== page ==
New departure for tour firms?

This year has been disastrous for the tour operators. Having over-estimated consumer demand for mass-market package holidays for summer 1995, their problems were compounded by the unexpectedly good weather which turned rainy Margate into the climatic equivalent of Marbella and encouraged Britons to holiday at home.

The travel industry’s year-round policy of discounting seems to have backfired. It has eroded already tight profit margins, and Airtours and the Thomson Group have issued profit warnings. As a result, new short-haul brochures for summer 1996 – which hit the travel agencies’ racks two weeks ago – included a ten per cent price rise. Hours later, the large travel agents – some of which are owned by the tour operators – announced discounts of 15 per cent, repeating last year’s discounting pattern.

It is a pattern that has gone on for years. And it is dispiriting for consumers who book early, only to see the holiday of their dreams available more cheaply later on. But they have begun to anticipate the waves of discounting and are changing their booking patterns, committing themselves later to exploit the desperation to fill plane seats and hotels.

And it is these canny holidaymakers that are forcing change. For so long tour operators have been complacent. As industry sources admit, it’s an incestuous business as the same old faces move from company to company. Consequently, there is little fresh thinking on how to improve the industry. Consumers have been treated as little more than a commodity, with holidays sold like tins of baked beans or toilet rolls. People are packed into the same aircraft and the same resorts by all the operators.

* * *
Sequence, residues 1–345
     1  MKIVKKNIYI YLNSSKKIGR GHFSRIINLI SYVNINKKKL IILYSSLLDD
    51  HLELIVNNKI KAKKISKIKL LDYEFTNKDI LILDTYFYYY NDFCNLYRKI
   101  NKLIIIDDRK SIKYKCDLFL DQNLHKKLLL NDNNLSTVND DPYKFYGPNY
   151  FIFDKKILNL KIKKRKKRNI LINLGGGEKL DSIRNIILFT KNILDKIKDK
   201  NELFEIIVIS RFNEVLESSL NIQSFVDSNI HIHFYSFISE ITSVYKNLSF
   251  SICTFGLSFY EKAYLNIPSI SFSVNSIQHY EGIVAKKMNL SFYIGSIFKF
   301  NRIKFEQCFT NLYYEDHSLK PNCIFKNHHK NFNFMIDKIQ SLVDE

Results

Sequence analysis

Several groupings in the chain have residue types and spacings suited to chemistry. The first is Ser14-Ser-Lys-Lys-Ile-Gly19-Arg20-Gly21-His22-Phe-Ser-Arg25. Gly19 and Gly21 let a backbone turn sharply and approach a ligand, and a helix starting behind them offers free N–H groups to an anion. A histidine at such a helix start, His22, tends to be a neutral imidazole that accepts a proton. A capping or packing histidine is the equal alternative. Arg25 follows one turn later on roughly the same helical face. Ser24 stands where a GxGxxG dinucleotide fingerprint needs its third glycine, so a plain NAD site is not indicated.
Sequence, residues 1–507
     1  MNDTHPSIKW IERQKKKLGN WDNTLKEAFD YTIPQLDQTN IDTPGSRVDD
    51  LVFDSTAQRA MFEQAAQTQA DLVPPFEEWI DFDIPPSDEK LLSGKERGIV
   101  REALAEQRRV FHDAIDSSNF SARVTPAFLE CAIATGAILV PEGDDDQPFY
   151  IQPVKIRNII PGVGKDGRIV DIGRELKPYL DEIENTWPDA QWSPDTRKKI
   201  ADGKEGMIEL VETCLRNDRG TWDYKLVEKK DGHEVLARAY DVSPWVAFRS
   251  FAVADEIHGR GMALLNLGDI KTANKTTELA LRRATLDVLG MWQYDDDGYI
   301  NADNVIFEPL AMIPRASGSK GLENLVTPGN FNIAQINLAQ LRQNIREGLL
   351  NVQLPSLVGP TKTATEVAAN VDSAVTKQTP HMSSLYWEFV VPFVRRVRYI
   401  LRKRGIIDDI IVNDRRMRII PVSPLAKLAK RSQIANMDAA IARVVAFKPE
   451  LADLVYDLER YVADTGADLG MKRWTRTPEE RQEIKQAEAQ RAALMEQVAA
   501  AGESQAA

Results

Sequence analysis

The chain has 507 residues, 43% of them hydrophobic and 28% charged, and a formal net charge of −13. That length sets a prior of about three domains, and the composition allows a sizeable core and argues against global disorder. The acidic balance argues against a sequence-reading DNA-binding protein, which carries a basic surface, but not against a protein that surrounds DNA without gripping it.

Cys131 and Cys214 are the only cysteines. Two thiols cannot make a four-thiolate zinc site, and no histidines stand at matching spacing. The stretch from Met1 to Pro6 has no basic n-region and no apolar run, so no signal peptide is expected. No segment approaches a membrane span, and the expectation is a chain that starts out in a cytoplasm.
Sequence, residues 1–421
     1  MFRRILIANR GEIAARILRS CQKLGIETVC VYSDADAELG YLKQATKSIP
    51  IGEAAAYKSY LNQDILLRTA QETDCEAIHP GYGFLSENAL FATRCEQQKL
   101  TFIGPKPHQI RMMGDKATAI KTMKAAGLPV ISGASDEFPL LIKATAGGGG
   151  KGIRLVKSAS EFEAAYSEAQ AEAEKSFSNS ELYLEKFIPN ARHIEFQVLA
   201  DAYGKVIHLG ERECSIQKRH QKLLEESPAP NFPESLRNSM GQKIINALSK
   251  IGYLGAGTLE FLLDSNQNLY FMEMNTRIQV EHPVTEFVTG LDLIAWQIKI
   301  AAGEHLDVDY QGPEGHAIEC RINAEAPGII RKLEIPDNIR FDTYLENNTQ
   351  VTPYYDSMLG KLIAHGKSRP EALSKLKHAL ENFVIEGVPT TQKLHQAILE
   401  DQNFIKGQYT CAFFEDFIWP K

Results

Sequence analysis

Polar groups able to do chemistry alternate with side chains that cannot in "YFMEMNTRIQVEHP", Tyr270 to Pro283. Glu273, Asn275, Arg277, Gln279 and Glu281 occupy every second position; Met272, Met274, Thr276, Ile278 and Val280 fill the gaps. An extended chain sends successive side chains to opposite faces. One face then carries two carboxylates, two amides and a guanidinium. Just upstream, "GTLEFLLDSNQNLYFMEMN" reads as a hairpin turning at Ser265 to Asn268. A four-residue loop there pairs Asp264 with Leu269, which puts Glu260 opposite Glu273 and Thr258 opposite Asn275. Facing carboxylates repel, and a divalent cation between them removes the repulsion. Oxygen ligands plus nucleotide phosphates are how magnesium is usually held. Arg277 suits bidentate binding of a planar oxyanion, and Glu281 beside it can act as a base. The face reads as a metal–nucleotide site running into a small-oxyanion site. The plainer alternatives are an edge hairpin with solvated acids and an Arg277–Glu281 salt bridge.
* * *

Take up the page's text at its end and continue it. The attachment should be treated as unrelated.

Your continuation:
Tour operators claim that they are sorting out their problems by investing in branding to differentiate their products from those of rivals and by launching new deals. Airtours is offering pre-bookable duty-free and pre-bookable airline seats and is empowering reps to move disgruntled customers to new accommodation while they are on holiday rather than offering an apology on their return. First Choice has launched a brochure for the Mediterranean featuring an “all-inclusive” programme which bundles in everything from entertainment to ice creams.

But although the products are different, analysts say that tour operators face a long struggle if they are to break the late-booking mentality that consumers have adopted. They add that it is the operators themselves who created the vicious circle.

Latest from Marketing Week

PLEASE SIGN IN OR REGISTER. IT'S FREE, QUICK AND EASY!

Access Marketing Week’s wealth of insight, analysis and inspiration that will help you develop as a marketer and leader.

Register and receive the best content from the only title 100% dedicated to serving marketers' needs.

We’ll ask you just a few questions about what you do and where you work, so we can make Marketing Week more relevant to you.

Register now

THE BEST CONTENT

Our award winning editorial team and columnists will ask the biggest questions about the biggest issues on everything from strategy through to execution to help you navigate the fast moving modern marketing landscape.

THE BIGGEST ISSUES

From the opportunities and challenges of emerging technology to the need for greater effectiveness, from the challenge of measurement to building a marketing team fit for the future, we will be your guide.

PERSONAL AND PROFESSIONAL DEVELOPMENT

Information, inspiration and advice from the marketing world and beyond that will help you develop as a marketer and as a leader.

Dedicated to developing your skills and helping you achieve marketing excellence. Find guidance on leadership, professional development and the latest industry jobs.

Having problems?

Contact us on +44 (0)20 7292 3711 or email subscriptions@marketingweek.com

If you are looking for our Jobs site, please click here